If I read you aright, your answer is a qualified Yes, that moral thought is natural to man, sourced in human nature.
The reason I (dunno about Hume) can't give a straight yes/no answer is this - the term 'moral intuitions' lends a moral framing which didn't exist when these intuitions evolved. Simple as that. In themselves they are factually described as evolved responses which enable our particular species' survival. And from a Selfish Gene pov, the survival of the body until reproduction where adaptation can occur, is the way genes survive from generation to generation. This is the Source, which doesn't require or imply imo, the prefix ''moral''. (Your opinion might differ!)
I can't give you a precise answer, but we now have the outline of a compelling account coming together of how these survival adaptations came to be conceived of as moral, about right and wrong for its own sake.The qualification has to do with a distinction you draw between moral intuition on the one hand and moral thought (intuition framed by discourse) on the other. Have I read you correctly?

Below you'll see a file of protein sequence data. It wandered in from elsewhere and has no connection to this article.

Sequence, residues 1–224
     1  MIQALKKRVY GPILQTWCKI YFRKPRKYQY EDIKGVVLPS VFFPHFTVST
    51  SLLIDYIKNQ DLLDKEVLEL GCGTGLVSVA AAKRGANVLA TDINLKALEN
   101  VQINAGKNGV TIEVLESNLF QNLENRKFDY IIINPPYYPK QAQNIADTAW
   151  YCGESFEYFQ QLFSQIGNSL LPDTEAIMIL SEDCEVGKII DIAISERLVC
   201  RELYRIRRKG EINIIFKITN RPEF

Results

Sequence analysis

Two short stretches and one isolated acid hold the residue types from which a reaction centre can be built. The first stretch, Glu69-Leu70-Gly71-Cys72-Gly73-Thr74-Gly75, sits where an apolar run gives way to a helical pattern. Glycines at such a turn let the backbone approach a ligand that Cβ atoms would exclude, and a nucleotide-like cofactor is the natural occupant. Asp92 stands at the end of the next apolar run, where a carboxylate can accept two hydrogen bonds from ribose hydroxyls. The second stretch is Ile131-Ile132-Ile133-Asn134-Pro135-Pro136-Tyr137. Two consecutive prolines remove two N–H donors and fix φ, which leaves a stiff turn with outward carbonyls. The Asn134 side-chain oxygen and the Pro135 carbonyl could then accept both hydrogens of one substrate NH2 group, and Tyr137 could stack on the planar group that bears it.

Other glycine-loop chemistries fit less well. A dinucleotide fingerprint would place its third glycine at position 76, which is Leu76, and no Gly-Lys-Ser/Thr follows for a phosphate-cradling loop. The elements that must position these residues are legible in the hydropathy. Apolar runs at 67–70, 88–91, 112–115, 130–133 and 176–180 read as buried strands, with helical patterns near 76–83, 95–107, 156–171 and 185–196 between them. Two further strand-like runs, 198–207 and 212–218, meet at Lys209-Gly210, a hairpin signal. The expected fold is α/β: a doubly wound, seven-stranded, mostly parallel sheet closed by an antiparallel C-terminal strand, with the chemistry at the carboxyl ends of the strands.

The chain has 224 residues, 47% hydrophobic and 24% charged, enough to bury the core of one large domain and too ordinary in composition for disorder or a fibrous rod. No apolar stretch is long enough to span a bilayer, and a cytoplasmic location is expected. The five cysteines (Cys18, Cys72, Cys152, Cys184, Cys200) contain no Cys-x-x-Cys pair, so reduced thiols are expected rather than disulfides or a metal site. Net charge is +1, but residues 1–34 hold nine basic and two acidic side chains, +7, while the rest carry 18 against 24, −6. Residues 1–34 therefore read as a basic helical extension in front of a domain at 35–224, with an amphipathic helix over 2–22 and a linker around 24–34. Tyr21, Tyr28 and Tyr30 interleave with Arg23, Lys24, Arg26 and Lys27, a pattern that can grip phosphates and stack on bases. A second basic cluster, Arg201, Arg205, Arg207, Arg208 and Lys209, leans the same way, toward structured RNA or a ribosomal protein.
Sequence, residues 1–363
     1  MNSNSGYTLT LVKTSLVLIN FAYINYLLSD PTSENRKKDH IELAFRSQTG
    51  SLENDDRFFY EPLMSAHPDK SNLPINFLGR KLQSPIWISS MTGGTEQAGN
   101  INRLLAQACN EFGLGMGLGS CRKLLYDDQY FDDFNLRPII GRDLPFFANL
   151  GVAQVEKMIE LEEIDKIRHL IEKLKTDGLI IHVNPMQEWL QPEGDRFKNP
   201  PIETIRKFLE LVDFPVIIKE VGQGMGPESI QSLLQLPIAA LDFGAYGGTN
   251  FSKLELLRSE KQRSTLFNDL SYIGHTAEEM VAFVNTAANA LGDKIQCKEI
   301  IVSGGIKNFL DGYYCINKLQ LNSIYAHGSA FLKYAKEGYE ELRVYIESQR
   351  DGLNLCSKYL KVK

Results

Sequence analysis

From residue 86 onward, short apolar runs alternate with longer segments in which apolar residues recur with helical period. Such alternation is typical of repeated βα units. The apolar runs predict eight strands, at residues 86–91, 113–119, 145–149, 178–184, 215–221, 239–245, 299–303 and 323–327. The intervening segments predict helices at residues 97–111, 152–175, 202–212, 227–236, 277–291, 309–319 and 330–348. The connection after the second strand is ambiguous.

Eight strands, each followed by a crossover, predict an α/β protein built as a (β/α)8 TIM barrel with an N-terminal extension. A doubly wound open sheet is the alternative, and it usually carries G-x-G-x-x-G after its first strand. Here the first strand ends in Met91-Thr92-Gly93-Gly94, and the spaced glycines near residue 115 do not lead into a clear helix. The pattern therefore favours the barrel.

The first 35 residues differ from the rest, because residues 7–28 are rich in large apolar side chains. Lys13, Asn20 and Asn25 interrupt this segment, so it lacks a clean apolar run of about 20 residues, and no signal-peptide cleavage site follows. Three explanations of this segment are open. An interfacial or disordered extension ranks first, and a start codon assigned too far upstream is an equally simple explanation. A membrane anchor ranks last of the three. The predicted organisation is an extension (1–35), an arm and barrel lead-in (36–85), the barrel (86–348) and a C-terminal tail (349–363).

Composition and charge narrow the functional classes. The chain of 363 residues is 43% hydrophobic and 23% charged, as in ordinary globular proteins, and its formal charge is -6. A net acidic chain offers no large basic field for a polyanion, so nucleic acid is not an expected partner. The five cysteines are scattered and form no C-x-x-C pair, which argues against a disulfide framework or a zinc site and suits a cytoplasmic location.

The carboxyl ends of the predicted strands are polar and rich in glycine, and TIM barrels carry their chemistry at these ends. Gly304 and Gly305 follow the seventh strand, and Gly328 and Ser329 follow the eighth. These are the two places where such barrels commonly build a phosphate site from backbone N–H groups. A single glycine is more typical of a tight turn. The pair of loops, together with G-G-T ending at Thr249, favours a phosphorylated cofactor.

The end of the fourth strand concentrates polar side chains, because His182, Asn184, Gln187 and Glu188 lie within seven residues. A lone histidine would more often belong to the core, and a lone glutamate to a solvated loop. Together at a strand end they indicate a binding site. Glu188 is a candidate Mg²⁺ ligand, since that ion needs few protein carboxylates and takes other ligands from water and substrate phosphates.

If so, what are these moral intuitions before they are "conditioned" by discursive framing? And whence this discursive moral framing? How do we come by this template?
The pro-social /unselfish predispositions are what the term 'moral intuitions' usually refer to. These are neurological adaptations primarily enabling social bonding (in turn rooted in the evolution into mammals who have to care for their helpless offspring - remember Pat Churchland? ) Things like love, caring, cooperation, fairness, loyalty, trust, altruism, etc.
Along with that came reputation (being known as a trustworthy cooperator), private guilt and public shame. And despising and punishing selfish cheaters who disrupt group cohesion This is the source of the approval/disapproval response.
And suspicion of strangers, 'the other', as potential competitors and enemies (The tribal response - tribalism evolved when we lived in tribes, natch, now we don't it's a big problem).
It's not hard to imagine how these came to take on connotations of right and wrong. Religious type beliefs shaping the concept of morality and placing it in the world (or heavens) outside of us, with rules codifying Oughts. Then cultural transmission via religion, leaders, institutions, education, archetypal myths and stories, social mores and so on, reinforcing and developing them.
Natural philosophy, and what philosophy has come to be, playing a role too in conceptualising morality as thing in itself, in the world, discoverable through religious revelation, or reason or whatever. And we're dropping in on Hume as he's saying ''Hang on a minute, logic and reasoning can't find this morality everybody talks about somewhere out there in the world, it's just us going yuck or yummy!''